Port Mayaca Lock and Dam Pictures
The Port Mayaca Lock is one of many locks along the 152-mile Okeechobee Waterway that connects Florida's coasts. The waterway consists of Lake Okeechobee, the St. Lucie Canal on the Lake's Eastern Shore and the Caloosahatchee River on the Lake's Western Shore.
photo of port mayaca, looking south
Looking south.
[larger image]
(Left and right) From atop a bridge on US 98/441, along the Eastern Shore of Lake Okeechobee, north of Port Mayaca, Lake Okeechobee is seen behind the Port Mayaca Lock and Dam. The Rim Canal, formed from land dug up for creation of the Herbert Hoover Dike, is in the foreground. photo of port mayaca lock, looking east
Looking east.
[larger image]

(Right) Looking eastward from the middle of the Port Mayaca Dam, at the St. Lucie Canal and the US 98/441 overpass above. The entrance to the Port Mayaca Navigational Lock is seen at far right.

Port Mayaca Navigational Lock Sequence
U.S. Army Corp of Engineer (USACE) personnel is on call to open the Port Mayaca Navigational Lock. Boaters need only call ahead on marine radio to ask that the lock be opened for their passage.

(Below) See how USACE personnel perform the about 20-minute navigational lockage procedure.

photo of gates closing
[larger image]
Boaters anchor themselves to the navigational lock wall as the canal-side gates close.

photo of water rushing into the gates
[larger image]
After the canal-side gates closed, lakeside gates opened and rushing Lake Okeechobee waters were admitted into the enclosed area.

photo of boats waiting to get thru
[larger image]
While the lakeside gates open, boaters get ready to exit the navigational lock. In the background are the closed canal-side gates and the St. Lucie Canal.

photo of boat exiting from lock
[larger image]
With the canal-side gates closed behind them and the lakeside gates open before them, a boater slowly exits from the navigational lock.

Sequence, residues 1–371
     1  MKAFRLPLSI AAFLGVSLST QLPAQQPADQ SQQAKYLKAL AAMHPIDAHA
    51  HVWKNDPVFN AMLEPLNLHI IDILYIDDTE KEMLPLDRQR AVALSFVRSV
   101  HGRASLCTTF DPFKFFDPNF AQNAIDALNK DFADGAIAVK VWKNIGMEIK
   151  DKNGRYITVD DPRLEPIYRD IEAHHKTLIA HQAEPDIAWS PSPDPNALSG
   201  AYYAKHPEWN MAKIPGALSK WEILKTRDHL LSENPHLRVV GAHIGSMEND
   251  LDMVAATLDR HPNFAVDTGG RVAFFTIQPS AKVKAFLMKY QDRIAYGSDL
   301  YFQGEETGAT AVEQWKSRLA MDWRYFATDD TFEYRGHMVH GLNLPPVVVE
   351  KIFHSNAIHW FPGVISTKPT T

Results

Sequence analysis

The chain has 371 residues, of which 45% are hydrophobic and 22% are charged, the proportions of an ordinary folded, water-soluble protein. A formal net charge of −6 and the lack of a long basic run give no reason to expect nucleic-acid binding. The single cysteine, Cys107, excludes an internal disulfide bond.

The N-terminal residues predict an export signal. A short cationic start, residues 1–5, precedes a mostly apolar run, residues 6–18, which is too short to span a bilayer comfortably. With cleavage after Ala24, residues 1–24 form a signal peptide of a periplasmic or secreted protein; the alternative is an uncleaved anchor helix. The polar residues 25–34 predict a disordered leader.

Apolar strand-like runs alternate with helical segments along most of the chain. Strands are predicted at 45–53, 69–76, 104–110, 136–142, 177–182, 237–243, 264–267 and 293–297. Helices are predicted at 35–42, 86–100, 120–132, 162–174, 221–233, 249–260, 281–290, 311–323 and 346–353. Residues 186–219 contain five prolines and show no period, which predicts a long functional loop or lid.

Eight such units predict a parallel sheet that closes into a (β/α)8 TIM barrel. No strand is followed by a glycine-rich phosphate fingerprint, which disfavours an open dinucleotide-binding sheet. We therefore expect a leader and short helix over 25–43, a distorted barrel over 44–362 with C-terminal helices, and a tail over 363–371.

(above) The St. Lucie Canal extends back from the closed gates, the Rim Canal is to the right of the lock and the US 98/441 overpass is above.

photo of boaters on their way into Lake Okeechobee
[larger image]
Boaters leave the navigational lock and head out into the open waters of Lake Okeechobee.

photo of open lock
[larger image]
Looking through the open lakeside gates onto Lake Okeechobee.

U.S. Army Corps of Engineer personnel overlooks the closing of the lakeside gates. Lake Okeechobee is in the background.

The lakeside gates in their closed position. Once these gates closed, the canal-side gates were reopened.

Related SOFIA Information

Below we have listed science projects and publications for studies that are being conducted, or have been conducted, in the Lake Okeechobee region. Follow these links to read about each project and to see project-related publications and data.

Science Projects:

Related Publications:



U.S. Department of the Interior, U.S. Geological Survey, Center for Coastal Geology
This page is: http://sofia.usgs.gov /virtual_tour/lakeokee/index.html
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Last updated: January 15, 2013 @ 12:44 PM(KP)